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Sleep apnea

Is sleep apnea affecting your sex life?

 

By Jennifer Nelson

 

The side effects of sleep apnea—fatigue, high blood pressure, risk of heart disease and stroke—are pretty well-known. But one thing that’s not as widely documented is sleep apnea’s effect on sex.

 

 

That may be changing, though. A growing body of research finds that having sleep apnea can be a drag on your love life, causing erectile dysfunction in men and a loss of libido in women.

 

The latest study in the Journal of Sexual Medicine compared 80 women ages 28 to 64 who have sleep apnea with 240 women without the disorder and found the women with apnea had significantly higher rates of sexual dysfunction.

 

2009 study, meanwhile, reported that 70 percent of 401 men with suspected sleep apnea also had erectile dysfunction.

 

Scientists suspect the sex hormone testosterone is to blame. Testosterone levels peak with sleep and drop due to a lack of shut eye. So it stands to reason that sleep apnea, which wreaks havoc on sleep, drives down hormone levels, causing the sexual dysfunction.

 

What’s more, snoring is estimated to be the third most common cause of divorce in the United States and Great Britain. Incessant snoring and sleep disruption place a strain on the relationship due to lack of rest, noted Phoebe Ochman, director of Communications at Sleep Apnea Treatment Centers of America.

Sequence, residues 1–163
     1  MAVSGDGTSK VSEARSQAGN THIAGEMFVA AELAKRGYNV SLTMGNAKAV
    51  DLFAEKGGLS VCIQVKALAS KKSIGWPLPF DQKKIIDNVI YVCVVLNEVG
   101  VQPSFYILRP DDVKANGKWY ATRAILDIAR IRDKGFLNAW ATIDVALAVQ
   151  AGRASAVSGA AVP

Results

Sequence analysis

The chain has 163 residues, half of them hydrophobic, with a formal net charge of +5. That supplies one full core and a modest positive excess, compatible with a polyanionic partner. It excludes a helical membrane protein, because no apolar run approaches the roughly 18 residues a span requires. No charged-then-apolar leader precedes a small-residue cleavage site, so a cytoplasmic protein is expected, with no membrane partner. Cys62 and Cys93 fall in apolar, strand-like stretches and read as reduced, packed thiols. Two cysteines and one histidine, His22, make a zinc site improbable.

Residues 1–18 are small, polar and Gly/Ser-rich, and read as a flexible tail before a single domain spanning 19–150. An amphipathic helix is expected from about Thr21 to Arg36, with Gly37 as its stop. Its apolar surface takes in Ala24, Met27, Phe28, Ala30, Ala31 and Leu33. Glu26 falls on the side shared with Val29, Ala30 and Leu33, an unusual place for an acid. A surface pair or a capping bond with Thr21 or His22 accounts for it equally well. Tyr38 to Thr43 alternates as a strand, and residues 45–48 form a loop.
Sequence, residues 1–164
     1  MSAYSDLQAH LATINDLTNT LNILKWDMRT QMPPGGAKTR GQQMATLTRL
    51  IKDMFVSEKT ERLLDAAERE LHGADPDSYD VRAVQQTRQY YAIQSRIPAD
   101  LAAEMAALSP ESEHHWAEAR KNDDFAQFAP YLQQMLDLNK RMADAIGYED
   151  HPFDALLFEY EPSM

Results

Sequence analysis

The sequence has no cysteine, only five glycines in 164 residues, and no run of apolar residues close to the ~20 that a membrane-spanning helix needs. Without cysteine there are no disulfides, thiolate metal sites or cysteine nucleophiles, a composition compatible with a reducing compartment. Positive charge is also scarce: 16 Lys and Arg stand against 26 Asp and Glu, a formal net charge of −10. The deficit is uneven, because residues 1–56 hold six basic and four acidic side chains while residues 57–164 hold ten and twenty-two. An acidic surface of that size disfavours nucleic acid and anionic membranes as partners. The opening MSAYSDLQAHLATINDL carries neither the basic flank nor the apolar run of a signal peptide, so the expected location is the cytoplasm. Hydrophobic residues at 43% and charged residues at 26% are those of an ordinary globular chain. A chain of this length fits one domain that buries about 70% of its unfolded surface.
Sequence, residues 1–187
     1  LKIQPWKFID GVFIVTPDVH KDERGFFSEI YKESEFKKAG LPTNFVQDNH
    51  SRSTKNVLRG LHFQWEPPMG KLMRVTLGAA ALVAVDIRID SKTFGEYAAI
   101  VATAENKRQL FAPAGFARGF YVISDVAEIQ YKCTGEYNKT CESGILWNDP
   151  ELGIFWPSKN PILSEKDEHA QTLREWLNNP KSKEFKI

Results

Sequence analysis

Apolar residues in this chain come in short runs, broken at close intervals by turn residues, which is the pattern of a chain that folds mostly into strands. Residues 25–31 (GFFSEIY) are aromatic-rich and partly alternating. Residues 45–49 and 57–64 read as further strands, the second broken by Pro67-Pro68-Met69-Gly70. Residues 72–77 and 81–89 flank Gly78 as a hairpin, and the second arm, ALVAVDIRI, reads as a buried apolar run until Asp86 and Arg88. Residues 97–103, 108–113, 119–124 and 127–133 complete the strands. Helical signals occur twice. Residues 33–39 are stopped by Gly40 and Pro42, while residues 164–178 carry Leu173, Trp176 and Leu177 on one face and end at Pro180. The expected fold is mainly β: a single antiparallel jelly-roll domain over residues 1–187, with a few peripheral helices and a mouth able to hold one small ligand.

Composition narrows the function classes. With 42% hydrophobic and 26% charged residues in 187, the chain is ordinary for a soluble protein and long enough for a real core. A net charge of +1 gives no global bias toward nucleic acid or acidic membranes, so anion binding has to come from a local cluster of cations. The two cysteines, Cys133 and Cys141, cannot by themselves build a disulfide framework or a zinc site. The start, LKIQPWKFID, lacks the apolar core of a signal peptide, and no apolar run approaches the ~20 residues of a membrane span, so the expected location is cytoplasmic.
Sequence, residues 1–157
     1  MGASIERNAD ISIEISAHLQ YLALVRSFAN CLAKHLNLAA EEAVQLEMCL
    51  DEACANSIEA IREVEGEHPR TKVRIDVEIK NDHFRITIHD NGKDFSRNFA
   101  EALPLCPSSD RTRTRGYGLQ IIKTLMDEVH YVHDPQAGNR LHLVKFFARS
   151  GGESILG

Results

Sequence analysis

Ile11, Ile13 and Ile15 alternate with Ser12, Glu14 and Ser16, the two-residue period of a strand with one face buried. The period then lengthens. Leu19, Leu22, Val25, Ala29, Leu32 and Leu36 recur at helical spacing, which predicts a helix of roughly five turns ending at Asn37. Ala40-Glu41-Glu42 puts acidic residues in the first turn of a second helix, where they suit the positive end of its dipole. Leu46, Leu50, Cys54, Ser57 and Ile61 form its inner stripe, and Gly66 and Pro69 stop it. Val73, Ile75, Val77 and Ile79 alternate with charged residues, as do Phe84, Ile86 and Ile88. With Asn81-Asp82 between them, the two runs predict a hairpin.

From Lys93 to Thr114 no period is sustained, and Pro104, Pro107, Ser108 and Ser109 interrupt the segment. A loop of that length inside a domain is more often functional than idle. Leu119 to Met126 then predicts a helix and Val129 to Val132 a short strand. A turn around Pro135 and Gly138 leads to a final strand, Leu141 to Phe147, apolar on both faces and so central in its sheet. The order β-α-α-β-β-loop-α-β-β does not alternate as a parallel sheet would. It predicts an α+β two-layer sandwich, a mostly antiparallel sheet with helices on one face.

In a study at the University of California at Berkeley, researchers evaluated poor sleep and its impact on marital relationships. According to psychologist and lead investigator Amie Gordon, “Poor sleep may make us more selfish, as we prioritize our own needs over our partner’s.” The data suggests that disrupted sleep leaves husbands and wives less in tune and cognizant of the moods and needs of their partners.

 

But there’s good news: treatment for sleep apnea can make a difference.

 

The CPAP—a device that’s worn while sleeping and keeps the airway from closing can diminish or alleviate sleep apnea, and doesn’t have to interfere with intimacy. Plus, Ochman said, people who are treated for their sleep apnea are 60 percent more likely to be compliant with their treatment plan if their spouses sleep in the same bedroom.

 

Other things that can help:

 

  • Keep your weight in a healthy range: Excess weight is a primary risk factor for sleep apnea in both men and women.
  • Don’t light up: Smoking increases the risk of obstructive sleep apnea.
  • Get regular exercise: Exercise helps keep weight in check, plus, when combined with CPAP therapy, helps improve sleep apnea.
  • Use your CPAP nightly.
  • Keep the romance alive: The relationship between sleep and sex needs more research, especially for women, but improving the quality of your sleep is likely to benefit your sex life.

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